- 1 Summary
- 2 What Does VHS Stand For?
- 3 What Does VCR Stand For?
- 4 Other VHS Tape Types
- 5 Standard VHS Tape Recording Modes
- 6 How Long Can VHS Tapes Record?
- 7 Originally Only SP Mode for VHS Standard
- 8 VHS Fun Facts
- 9 Read More
- 10 References
VCR stands for Video Cassette Recorder and VHS stands for Video Home System. VCR is a machine (video player) and VHS is a video tape. Video can be recorded into a VHS tape via a video camera or from television. There are also pre-recorded movies available in VHS
VCR and VHS work together. However, there’s a difference between them as you’ll see in the following sections of this VHS wiki.
What Does VHS Stand For?
VHS stands for Video Home System.
It’s an analog tape format with a tape width of half an inch. VHS tapes were first available in the USA in 1977, having been released a year earlier in Japan.
It’s a low quality video format which promises about 240 horizontal lines. That is the resolution you get for a VHS tape recorded in SP (Standard Play) mode.
When recorded at lower speeds (LP), you get a longer recording time. However, the quality will be much lower. See the table below for details.
What Does VCR Stand For?
VCR stands for Video Cassette Recorder.
VCR is a machine (video player) and VHS is a video tape.
Video can be recorded into a VHS tape via a video camera or from television. There are also pre-recorded movies available in VHS.
To playback a VHS tape, you would need a VHS player. A video player can only play back video from a VHS tape.
A VCR can do that, too and also record video into a blank VHS tape from a television set or from another video player playing a VHS tape.
So, a VCR is a video player- recorder and VHS is a tape.
You put in VHS into a VCR to watch video.
That said, the term VCR doesn’t only apply to the playing and recording of video on VHS tapes.
These VCRs playback only the tape format they’re designed to support.
But generally, when we talk about VCRs, we often refer to VHS VCRs as they’re more commonly available in the market.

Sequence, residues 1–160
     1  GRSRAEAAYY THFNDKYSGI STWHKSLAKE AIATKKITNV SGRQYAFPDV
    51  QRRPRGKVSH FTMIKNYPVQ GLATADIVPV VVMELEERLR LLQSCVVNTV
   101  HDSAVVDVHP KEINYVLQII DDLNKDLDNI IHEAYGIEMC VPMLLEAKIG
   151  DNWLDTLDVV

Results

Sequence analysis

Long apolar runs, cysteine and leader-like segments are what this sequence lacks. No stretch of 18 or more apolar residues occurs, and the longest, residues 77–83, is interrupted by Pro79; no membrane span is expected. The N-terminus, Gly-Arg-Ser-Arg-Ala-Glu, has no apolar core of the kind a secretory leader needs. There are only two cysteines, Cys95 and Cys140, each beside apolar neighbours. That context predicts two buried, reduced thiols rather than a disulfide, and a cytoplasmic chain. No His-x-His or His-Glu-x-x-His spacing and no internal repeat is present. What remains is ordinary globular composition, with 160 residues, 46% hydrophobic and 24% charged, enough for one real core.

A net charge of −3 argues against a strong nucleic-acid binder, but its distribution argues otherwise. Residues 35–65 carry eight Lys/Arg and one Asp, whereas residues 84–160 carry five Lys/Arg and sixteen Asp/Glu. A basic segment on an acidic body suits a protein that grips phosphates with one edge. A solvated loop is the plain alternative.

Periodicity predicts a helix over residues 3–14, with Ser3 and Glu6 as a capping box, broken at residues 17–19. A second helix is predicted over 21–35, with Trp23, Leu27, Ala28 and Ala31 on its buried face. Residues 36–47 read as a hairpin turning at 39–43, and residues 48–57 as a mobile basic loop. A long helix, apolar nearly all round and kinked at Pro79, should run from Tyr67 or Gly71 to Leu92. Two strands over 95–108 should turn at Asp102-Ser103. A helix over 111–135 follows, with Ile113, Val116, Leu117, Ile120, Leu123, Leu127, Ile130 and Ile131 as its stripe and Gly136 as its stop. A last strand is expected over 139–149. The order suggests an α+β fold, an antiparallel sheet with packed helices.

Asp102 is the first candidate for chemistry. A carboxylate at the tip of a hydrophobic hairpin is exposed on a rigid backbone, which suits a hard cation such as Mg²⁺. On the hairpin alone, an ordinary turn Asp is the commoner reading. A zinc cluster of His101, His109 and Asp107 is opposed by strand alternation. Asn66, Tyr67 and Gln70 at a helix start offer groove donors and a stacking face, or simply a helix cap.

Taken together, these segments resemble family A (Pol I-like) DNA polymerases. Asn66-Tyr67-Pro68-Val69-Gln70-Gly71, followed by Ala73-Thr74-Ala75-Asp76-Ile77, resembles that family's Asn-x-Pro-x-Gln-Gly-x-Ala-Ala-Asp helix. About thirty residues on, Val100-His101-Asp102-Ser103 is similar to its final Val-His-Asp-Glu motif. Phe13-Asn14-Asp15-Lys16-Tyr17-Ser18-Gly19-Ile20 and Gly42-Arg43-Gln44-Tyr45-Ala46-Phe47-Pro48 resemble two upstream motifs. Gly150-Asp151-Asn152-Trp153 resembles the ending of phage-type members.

Other VHS Tape Types
The following are the variants of the VHS tape, some ranging in quality and size.
The standard VHS tape has a smaller version or compact version called VHS-C or VHS-Compact. The only difference is the size. Other than that, the video quality is the same.
VHS-C is popularly used for VHS camcorders.
Its main advantage is you don’t need a special VHS-C VCR to play it back. It can be played back through a VHS VCR by inserting the tape into a VHS-C adapter as explained above.
S-VHS stands for Super-VHS. As the name denotes, it offers a superior picture quality compared to standard VHS.
While VHS offers a horizontal resolution of 240 lines, S-VHS offers a horizontal resolution of 400 lines.
Read more about the difference between VHS and S-VHS.
D-VHS stands for Digital VHS. It was introduced in 1998.
D-VHS was the only video format that offered high-definition video before the advent of HD-DVD and Blu-ray.
Jointly developed by JVC, Hitachi, Matsushita (Panasonic) and Philips, D-VHS was supposed to rival DVD which offered only standard definition video.
D-VHS can record at a resolution of 1080i or 720p.
The video bitrate of D-VHS is 14Mbit/s as opposed to DVD’s 5 Mbit/s.
But then D-VHS started off as a standard-definition video format. High-definition video was offered later.
Recording time on a D-VHS tape is reduced by half when high-definition video is recorded on it.
So a 240-minute D-VHS tape will only manage 120 minutes of HD video.
You can’t play a D-VHS tape over a standard VHS or S-VHS player. However, you can play a standard VHS and S-VHS tape on a D-VHS VCR.
You can record video in MPEG-2 at 1080i or 720p HD quality with a D-VHS VCR.
There are 3 D-VHS recording modes – High Speed, Standard (STD) or Low Speed (LS).
Low Speed is further divided into 3-Speed (LS3) and 5-Speed (LS5).